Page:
Why AM Certifications are so difficult (Authentise Weekly News-In-Review – Week 97)

For AM to take a greater hold on the industries it’s poised to impact, there are certain angles to smooth out and one of those is certifications. Early adopters of additive production such as aerospace and medical are rightly picky about its certifications and the AM community is making sure to have its own record straight. Safety certifications are the highest priority in this regard and Lockheed Martin’s facility in Sunnyvale, California now holds the first UL certified in the world. Govt. bodies are also moving to help a wider audience to stay within standards, like Health Canada’s newest draft guidance on AM medical devices. However, the main reason why certifications are difficult is that AM is still not an exact science. With fast and multi-spectrum monitoring technologies, we are starting to see what happens during the process. However, certain aspects of the physics behind it are full of variables we don’t understand.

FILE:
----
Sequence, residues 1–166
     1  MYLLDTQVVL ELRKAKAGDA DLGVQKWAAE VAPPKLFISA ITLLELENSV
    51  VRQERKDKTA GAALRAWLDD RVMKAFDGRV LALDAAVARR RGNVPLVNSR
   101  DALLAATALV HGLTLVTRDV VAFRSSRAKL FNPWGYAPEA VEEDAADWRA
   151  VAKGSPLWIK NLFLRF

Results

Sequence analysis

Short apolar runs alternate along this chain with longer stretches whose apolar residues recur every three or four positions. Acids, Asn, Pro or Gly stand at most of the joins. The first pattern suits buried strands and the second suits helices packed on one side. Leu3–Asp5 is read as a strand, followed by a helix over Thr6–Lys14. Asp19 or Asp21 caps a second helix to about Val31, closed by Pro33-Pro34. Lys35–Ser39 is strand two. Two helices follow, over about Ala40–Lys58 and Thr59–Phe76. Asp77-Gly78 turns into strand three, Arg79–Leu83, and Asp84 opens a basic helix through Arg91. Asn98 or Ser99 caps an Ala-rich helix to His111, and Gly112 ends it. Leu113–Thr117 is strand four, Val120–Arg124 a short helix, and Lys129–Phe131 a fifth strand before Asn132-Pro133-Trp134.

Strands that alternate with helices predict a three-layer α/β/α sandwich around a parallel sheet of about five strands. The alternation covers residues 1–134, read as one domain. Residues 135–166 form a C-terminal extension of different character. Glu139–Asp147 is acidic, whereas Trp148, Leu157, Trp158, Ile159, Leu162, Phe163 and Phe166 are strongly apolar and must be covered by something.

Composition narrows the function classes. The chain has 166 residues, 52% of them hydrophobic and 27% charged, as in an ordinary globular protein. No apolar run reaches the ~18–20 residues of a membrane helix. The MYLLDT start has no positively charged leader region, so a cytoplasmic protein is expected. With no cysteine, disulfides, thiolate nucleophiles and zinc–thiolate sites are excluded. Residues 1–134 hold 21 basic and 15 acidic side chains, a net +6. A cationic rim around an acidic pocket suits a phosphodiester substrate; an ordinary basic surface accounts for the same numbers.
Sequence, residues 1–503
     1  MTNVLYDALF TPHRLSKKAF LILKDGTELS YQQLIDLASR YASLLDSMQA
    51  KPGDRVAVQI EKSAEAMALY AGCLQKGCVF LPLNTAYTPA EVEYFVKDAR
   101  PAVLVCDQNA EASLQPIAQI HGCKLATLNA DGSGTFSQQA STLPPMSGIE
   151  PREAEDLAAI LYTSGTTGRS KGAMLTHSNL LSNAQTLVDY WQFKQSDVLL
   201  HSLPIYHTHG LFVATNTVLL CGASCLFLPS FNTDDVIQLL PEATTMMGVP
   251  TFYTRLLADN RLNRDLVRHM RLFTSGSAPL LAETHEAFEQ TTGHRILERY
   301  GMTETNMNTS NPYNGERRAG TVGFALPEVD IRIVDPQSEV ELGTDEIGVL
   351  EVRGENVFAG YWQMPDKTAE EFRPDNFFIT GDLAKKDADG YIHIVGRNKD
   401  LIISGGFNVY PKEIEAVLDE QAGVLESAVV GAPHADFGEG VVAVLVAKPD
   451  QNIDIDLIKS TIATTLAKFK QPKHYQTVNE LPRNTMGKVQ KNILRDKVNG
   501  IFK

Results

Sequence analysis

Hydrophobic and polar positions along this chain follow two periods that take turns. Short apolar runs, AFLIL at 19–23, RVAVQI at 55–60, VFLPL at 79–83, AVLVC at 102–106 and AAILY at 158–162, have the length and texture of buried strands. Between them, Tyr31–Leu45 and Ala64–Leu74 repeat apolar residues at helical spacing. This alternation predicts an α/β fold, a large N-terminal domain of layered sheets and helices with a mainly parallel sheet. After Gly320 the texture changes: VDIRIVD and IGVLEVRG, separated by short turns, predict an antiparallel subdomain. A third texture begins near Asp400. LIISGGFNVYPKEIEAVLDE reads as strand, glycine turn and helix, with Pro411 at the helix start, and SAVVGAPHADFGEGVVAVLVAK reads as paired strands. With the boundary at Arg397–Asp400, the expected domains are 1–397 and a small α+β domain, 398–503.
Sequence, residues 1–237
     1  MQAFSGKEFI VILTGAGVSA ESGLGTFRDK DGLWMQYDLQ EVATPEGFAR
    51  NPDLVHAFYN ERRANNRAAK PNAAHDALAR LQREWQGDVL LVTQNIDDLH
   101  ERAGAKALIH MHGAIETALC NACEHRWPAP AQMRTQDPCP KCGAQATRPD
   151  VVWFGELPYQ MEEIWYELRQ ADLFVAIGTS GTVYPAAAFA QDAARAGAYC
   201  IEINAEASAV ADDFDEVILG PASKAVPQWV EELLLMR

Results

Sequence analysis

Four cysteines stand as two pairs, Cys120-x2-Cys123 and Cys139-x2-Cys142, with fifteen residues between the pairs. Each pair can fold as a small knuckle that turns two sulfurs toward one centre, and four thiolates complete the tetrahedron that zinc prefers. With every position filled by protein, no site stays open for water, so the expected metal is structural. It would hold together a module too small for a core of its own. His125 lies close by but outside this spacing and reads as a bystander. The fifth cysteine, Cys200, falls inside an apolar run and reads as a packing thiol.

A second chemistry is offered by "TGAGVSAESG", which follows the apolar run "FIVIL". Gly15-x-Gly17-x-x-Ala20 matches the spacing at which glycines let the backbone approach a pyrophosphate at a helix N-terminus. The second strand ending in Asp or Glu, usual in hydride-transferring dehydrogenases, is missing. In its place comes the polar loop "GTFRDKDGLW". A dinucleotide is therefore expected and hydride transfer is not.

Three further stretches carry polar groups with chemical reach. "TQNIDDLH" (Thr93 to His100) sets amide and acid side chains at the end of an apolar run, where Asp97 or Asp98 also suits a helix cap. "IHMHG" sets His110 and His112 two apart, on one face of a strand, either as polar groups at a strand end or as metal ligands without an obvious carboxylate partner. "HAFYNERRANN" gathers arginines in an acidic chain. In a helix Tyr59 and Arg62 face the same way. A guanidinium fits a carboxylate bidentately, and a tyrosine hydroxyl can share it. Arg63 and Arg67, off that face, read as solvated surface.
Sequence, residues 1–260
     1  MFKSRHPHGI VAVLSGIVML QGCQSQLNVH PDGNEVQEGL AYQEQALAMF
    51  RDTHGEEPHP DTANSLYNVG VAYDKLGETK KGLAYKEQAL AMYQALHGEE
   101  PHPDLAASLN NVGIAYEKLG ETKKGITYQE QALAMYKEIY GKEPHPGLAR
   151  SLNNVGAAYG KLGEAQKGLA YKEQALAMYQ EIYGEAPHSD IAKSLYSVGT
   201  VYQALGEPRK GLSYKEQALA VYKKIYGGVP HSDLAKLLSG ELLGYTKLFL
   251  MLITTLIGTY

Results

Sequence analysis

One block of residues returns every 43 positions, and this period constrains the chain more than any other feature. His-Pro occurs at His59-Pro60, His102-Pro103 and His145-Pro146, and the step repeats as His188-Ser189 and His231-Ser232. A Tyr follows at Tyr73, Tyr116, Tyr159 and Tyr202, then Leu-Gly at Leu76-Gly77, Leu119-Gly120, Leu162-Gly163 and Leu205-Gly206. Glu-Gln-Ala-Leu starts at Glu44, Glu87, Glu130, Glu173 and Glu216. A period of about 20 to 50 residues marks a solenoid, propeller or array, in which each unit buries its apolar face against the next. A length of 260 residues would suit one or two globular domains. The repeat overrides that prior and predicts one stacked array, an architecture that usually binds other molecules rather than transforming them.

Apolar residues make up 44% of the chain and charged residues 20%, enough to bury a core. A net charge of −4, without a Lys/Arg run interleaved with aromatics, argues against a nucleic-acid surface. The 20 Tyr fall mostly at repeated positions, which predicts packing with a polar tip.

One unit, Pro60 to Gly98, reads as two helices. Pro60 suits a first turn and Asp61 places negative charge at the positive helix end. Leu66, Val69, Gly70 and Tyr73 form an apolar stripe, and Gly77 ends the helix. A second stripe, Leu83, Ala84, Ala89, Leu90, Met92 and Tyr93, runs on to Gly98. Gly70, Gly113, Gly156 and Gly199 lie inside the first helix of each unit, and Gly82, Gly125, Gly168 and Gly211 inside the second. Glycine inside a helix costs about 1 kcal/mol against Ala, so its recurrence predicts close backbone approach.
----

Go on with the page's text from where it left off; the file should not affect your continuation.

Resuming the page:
Lockheed Martin extends additive manufacturing to key spacecraft components

Lockheed Martin’s Additive Design and Manufacturing Center in Sunnyvale, California, where the company produces military, commercial and civil space technology, attained a comprehensive safety certification.

“We are the first UL certified additive manufacturing facility in the world,” Servando Cuellar, Lockheed Martin Space Systems engineering senior manager, told SpaceNews.

Read more here.

Health Canada Drafts Policies on 3D-Printed Implantable Devices

Health Canada Drafts Policies on 3D-Printed Implantable Devices